French Polynesia's nuclear test veterans not impressed by zone extension
Nuclear compensation law change fails to impress Tahiti veterans group.
There has been a largely negative response by French Polynesia's nuclear test veterans to a compensation law change.
The National Assembly says claims for fallout from the nuclear weapons tests can now be lodged from all of French Polynesia.
Before the eligible zone was restricted to the test area used for the more than 100 blasts.
The head of Moruroa e tatou, Roland Oldham, told Walter Zweifel it expects little to change as practically all claims are being rejected.
ROLAND OLDHAM: Everybody already knew that there was fallout all over the place. But they've been denying, denying, denying for years and years. We spent 10 years to have the proof of this fallout all over the place.
WALTER ZWEIFEL: But isn't a surprise, after all, given that the defence minister that came in with the Socialist government said that Loi Morin was good, and now apparently he's prepared and backing this change to have this fallout zone extended.
RO: Well, again, I'm only concerned it's some kind of political manipulation maybe because of the elections coming up for the mayor all over the place in France and here. One thing is clear - the right wing and the left wing have the same policy as far as this issue of nuclear waste is concerned. When you see the number of people who have been compensated, something like 12. It's come to something like one person a year, which is a real disaster. One compensation a year - does that mean we have to fight for the next 900 years? To me, the situation is just so urgent, so urgent, that we cannot carry on like that. Now that they recognised that the whole area of Polynesia has been contaminated by the fallout, now in the Loi Morin there is still one article that they have to change, which is the main article. If that article is not changed there will be no compensation. An article saying that there is a committee that examined all the files. And at the end the committee can decide if it's good or not, and they often use this term in French 'negligable' when it's not really due to nuclear testing. In that case, most of our files have been rejected.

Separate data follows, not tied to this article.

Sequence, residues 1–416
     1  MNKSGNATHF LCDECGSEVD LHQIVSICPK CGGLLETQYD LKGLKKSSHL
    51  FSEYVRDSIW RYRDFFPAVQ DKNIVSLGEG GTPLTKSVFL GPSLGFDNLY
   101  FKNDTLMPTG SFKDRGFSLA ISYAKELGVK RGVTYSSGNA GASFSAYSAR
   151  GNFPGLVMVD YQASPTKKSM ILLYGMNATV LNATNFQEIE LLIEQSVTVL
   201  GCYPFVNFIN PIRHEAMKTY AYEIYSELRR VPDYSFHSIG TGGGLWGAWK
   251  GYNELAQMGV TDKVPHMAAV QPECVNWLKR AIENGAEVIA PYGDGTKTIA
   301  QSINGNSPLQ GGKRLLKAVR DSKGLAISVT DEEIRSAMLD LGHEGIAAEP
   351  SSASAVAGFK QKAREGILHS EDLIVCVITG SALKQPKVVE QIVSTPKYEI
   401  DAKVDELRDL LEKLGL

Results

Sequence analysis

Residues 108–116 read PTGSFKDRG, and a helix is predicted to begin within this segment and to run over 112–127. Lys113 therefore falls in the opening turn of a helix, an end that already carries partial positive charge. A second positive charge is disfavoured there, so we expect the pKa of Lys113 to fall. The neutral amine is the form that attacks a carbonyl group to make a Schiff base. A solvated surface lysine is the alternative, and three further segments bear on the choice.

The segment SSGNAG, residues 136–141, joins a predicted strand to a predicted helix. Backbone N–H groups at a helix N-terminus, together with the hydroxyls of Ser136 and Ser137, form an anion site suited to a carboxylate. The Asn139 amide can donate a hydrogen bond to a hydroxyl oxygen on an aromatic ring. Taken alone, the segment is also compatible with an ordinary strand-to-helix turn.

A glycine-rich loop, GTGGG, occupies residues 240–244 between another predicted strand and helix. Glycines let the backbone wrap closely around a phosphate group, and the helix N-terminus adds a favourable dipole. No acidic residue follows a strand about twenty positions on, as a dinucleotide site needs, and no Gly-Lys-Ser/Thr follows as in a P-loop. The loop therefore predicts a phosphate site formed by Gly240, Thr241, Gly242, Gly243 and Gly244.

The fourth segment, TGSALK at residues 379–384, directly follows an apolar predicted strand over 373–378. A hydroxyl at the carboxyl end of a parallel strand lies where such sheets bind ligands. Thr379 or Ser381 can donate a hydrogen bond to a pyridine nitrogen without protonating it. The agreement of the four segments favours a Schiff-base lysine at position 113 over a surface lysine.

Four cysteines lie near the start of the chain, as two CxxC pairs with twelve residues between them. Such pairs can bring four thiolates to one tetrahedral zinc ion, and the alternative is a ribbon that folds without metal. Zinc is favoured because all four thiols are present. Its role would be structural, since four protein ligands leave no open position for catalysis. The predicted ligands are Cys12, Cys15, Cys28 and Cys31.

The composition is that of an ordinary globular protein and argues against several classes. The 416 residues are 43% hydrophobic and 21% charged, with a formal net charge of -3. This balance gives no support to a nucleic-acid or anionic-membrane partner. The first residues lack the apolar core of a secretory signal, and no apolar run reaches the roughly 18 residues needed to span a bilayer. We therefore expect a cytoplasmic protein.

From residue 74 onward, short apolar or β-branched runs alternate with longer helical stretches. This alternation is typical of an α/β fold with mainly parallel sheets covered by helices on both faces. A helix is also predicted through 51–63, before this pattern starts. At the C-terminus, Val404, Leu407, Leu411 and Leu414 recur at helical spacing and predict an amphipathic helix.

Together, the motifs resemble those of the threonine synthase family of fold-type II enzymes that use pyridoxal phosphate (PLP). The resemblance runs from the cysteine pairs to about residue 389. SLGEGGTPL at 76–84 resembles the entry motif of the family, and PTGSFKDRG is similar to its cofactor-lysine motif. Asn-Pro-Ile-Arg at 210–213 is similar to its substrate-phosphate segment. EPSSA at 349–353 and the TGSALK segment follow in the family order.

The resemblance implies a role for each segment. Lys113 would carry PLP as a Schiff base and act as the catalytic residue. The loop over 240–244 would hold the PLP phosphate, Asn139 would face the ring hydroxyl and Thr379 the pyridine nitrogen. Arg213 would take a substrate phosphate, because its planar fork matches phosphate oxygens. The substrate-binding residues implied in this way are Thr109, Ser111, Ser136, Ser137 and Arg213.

WZ: Some of these files are supposed to be dealt with by the prime minister's office and not the defence ministry. What's the difference? What's the implication?
RO: Well, I don't really know. We have to wait. Because the procedure that they have put together for the Loi Morin is a real trap because it goes into this committee. You will say that works. Why the change? Why that? It's just giving them a good image.
To embed this content on your own webpage, cut and paste the following: